“Coming here (to the bi-weekly rehab sessions) has helped me do exercises that help open my airways,” she added. “They teach you how to breathe, how to exercise your lungs.”
Breathing exercises, called “purse-lip breathing,” help the participants focus on how to breathe properly, inhaling oxygen through the nose and then exhaling through the mouth.
“When you get over-anxious (from not being able to catch your breath), that’s when you panic,” Baker said. “Learning to breathe properly gives you a lot of confidence.”
“You have your good days and your bad days,” Irwin added. “But now I’m not afraid to do things like go shopping.”
Victims of COPD will often revert to inactivity when suffering through difficult breathing periods. The rehab program emphasizes regular activity, including upper-body strengthening, to combat those times and improve overall respiratory function.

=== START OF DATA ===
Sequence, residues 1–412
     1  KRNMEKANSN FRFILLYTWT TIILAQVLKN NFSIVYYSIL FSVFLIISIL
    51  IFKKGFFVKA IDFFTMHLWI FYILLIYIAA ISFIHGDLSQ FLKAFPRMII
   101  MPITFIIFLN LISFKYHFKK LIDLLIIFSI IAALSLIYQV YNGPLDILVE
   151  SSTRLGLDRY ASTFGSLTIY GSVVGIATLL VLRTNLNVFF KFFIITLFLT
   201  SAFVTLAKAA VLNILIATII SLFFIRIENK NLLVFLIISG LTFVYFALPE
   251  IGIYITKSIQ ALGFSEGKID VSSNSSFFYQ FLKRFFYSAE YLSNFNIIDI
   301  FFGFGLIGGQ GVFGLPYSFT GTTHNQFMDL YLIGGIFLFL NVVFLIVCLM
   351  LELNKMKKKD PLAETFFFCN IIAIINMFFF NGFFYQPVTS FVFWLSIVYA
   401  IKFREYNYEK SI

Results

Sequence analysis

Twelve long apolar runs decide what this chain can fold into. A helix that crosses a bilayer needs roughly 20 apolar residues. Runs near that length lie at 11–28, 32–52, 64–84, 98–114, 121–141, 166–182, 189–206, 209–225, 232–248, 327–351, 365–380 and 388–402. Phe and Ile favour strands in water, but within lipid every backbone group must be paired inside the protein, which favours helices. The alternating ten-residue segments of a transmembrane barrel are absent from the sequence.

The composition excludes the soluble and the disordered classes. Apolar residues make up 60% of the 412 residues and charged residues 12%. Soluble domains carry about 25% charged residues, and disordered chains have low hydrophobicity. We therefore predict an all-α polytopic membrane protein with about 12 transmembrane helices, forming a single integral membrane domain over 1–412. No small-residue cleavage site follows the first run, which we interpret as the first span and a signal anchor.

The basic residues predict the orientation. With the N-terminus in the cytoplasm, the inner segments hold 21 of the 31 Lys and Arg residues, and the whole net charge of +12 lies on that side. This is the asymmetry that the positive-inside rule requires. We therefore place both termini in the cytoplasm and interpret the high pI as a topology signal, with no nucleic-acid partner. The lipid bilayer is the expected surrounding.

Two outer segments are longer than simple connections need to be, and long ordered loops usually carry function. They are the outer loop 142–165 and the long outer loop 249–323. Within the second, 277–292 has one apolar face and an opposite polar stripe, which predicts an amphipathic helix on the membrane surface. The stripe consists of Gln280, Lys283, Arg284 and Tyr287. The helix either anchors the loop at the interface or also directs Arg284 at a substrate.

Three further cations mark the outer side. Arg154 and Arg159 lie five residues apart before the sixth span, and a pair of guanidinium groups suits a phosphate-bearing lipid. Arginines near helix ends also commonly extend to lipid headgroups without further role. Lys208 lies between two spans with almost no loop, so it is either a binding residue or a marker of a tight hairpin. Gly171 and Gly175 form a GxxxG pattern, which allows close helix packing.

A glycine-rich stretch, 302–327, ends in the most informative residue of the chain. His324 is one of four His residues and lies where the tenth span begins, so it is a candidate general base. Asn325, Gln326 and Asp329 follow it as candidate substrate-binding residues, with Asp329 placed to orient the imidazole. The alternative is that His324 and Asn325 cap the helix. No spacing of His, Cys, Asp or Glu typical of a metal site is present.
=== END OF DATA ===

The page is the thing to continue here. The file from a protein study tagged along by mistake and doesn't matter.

“It’s an evidence-based program that has shown that regular activities for people with lung disease improves their daily lives,” said Beth Ashworth, a senior respiratory therapist and COPD educator for the Pulmonary Rehabilitation Program.
“Regular exercise helps relieve those feelings of breathlessness and improves endurance,” she added. “A lot of people with shortness of breath are scared to move, but your muscles become de-conditioned with the less you do. It becomes more difficult to breathe with inactivity.”
The course, which is also geared toward people with cystic fibrosis, pulmonary fibrosis and other lung diseases, runs twice a week for two-hour periods each day.
The opening half-hour focuses on education, including the physiology of the lungs, medications and nutrition. Specialists in pulmonology often visit the classes to offer their support, Ashworth noted.
The rest of the time is spent on exercise programs, including the use of weights and cardiovascular equipment, much of which was purchased with support from the CVPH Foundation.